Better the devil you know
The news that Peter Chingoka has survived the internal firestorm of the last year to emerge still as the chairman of the new, improved Zimbabwe Cricket is about as surprising as Robert Mugabe winning the last/next presidential election. In Zimbabwe it's more who you know than what you stand for that matters.
Chingoka's tenure as ZC chief - well into its second decade - has hardly been a success. Admittedly - and even his critics acknowledge this - up until about 2003 he could justifiably claim to have done a decent job. But, mirroring the decline of Zimbabwe as a whole, the last few years have been a catalogue of failures. The exodus of talent, the collapse of established internal structures, allegations of financial mismanagement and intimidation have all been to the fore. On the field, the side has become an international joke, and not a very funny one at that. And much of the blame for that must rest with Chingoka.
So how come Teflon Pete remains at the helm? The key is that he has friends in high places, both inside and outside the country.
One thing Chingoka has always been good at is cultivating relationships, and this has ensured that he has been able to call on friends when the heat has been on Zimbabwe. Of late, he has made sure that Zimbabwe has backed India within the ICC, and that loyalty has been rewarded. The ICC inspection carried out in August by Percy Sonn and Malcom Speed further endorsed his grip[ on power. Sonn and Chingoka are old mates, so there were hardly any surprises there, but more importantly the ICC realised that it was far better dealing with Chingoka rather than an unknown quantity. In Zimbabwe, more often than not the person next in line is far worse than the one in charge, and in cricketing circles that also applies.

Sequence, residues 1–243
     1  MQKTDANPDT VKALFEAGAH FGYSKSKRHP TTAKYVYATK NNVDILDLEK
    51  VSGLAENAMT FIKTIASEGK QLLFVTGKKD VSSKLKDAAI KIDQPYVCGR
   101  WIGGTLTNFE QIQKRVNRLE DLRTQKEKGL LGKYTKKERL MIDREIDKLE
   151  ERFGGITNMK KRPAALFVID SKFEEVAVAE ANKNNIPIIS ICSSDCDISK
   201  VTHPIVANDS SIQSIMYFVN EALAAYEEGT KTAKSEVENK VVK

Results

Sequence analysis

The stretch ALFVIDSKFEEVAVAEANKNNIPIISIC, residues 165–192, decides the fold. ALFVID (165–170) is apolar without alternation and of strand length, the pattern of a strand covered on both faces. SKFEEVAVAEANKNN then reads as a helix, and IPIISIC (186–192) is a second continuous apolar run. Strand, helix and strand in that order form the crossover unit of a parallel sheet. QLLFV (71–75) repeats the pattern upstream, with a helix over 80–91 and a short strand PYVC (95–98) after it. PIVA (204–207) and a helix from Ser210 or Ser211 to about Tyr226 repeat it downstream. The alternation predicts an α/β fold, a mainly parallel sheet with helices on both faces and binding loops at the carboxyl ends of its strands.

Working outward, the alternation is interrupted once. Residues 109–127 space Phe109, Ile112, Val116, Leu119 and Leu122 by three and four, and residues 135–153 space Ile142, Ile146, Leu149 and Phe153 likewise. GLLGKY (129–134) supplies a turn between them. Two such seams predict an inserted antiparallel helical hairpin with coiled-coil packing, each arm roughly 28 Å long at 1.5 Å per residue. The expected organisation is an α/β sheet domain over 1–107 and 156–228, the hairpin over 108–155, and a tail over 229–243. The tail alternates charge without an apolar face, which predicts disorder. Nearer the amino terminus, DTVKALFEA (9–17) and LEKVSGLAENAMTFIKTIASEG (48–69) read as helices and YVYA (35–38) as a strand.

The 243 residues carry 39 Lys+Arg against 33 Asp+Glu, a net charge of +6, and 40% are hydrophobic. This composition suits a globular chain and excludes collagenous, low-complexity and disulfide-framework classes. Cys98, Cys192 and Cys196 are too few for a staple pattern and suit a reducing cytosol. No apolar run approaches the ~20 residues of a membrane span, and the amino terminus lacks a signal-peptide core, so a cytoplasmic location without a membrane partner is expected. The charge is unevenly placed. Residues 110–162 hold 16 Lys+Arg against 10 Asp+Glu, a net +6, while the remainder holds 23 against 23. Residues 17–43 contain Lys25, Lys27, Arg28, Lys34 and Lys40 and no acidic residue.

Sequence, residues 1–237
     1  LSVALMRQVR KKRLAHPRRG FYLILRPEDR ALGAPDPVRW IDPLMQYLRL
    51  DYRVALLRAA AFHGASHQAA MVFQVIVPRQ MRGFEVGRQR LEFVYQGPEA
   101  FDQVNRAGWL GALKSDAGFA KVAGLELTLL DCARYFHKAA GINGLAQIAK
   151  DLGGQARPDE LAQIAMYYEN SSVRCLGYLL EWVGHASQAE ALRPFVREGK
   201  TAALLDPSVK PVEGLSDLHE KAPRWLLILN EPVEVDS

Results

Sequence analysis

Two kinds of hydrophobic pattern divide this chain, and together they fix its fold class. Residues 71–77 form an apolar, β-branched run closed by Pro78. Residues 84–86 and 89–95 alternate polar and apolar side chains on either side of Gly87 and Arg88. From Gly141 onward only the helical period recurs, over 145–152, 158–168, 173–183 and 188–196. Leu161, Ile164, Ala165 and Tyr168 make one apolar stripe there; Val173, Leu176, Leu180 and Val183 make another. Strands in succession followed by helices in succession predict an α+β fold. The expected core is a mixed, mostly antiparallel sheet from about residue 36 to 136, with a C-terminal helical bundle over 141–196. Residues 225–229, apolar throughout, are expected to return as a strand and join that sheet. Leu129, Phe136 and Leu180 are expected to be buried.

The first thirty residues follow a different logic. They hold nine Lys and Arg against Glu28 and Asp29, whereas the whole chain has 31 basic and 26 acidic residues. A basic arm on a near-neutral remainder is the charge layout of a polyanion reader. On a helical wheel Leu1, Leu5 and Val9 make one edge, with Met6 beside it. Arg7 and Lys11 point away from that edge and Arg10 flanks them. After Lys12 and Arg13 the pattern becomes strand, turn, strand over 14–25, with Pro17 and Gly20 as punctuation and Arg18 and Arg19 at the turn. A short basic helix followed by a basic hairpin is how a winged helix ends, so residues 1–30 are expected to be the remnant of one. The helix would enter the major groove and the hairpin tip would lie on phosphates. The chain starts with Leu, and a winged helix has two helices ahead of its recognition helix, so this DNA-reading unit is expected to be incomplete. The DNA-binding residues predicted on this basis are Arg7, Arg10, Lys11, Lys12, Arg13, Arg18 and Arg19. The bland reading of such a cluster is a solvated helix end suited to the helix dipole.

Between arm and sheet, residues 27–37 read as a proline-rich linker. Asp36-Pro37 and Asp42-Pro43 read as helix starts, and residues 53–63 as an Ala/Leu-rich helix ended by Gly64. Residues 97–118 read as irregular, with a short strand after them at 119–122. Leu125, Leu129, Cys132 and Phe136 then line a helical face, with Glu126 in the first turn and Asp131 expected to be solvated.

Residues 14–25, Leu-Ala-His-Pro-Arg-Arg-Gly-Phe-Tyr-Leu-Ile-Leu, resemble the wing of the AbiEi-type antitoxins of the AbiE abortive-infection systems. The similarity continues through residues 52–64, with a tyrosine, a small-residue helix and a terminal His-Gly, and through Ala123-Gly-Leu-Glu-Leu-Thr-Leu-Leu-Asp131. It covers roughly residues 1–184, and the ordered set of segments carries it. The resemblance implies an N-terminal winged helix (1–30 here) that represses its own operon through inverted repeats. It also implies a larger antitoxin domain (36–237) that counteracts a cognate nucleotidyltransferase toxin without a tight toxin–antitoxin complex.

The ICC hierarchy is not stupid either. They realised that whatever the faults of Chingoka, he was likely to be in situ for some time and so they would be better backing him and trying to work on change through official channels rather than alienating him. That might have meant them looking the other way when confronted with some unpalatable internal issues, but they would argue that is a price worth paying.
Within Zimbabwe, Chingoka plays a shrewd political game, remains a skilled operator and has the knack of being able to stay one step ahead of the opposition. Opponents have come and gone in the last year, and all the time Chingoka has survived.
What has been irreparably damaged is his reputation. Those close to him suggest that he is concerned about his legacy, but it is hard to see how he can emerge from the shambles with much in the plus column.
All Chingoka can hope is that things do start to get better before he finally steps down. There are occasional signs that the crisis may have bottomed out, mainly because it would be hard to see how it could get any worse. For now, he's still there and Zimbabwe cricket needs to accept that and make the best of a bad situation.
As the last year has shown, fighting Chingoka only produces one winner.